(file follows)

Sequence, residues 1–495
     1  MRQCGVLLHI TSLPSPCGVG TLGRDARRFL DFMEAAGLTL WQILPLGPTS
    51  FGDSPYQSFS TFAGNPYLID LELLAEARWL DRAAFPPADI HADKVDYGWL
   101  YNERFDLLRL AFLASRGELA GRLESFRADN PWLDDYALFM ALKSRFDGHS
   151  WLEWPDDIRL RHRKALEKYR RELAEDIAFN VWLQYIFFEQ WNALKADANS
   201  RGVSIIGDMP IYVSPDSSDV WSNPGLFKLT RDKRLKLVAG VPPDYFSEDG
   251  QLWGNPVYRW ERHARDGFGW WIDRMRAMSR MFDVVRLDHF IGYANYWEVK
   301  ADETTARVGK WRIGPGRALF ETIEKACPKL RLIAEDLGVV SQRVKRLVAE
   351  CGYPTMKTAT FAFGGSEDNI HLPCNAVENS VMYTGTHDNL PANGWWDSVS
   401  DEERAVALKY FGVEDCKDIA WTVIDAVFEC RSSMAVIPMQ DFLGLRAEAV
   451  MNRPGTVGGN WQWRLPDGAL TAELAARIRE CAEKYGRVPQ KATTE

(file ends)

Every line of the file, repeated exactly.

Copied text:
Sequence, residues 1–495
     1  MRQCGVLLHI TSLPSPCGVG TLGRDARRFL DFMEAAGLTL WQILPLGPTS
    51  FGDSPYQSFS TFAGNPYLID LELLAEARWL DRAAFPPADI HADKVDYGWL
   101  YNERFDLLRL AFLASRGELA GRLESFRADN PWLDDYALFM ALKSRFDGHS
   151  WLEWPDDIRL RHRKALEKYR RELAEDIAFN VWLQYIFFEQ WNALKADANS
   201  RGVSIIGDMP IYVSPDSSDV WSNPGLFKLT RDKRLKLVAG VPPDYFSEDG
   251  QLWGNPVYRW ERHARDGFGW WIDRMRAMSR MFDVVRLDHF IGYANYWEVK
   301  ADETTARVGK WRIGPGRALF ETIEKACPKL RLIAEDLGVV SQRVKRLVAE
   351  CGYPTMKTAT FAFGGSEDNI HLPCNAVENS VMYTGTHDNL PANGWWDSVS
   401  DEERAVALKY FGVEDCKDIA WTVIDAVFEC RSSMAVIPMQ DFLGLRAEAV
   451  MNRPGTVGGN WQWRLPDGAL TAELAARIRE CAEKYGRVPQ KATTE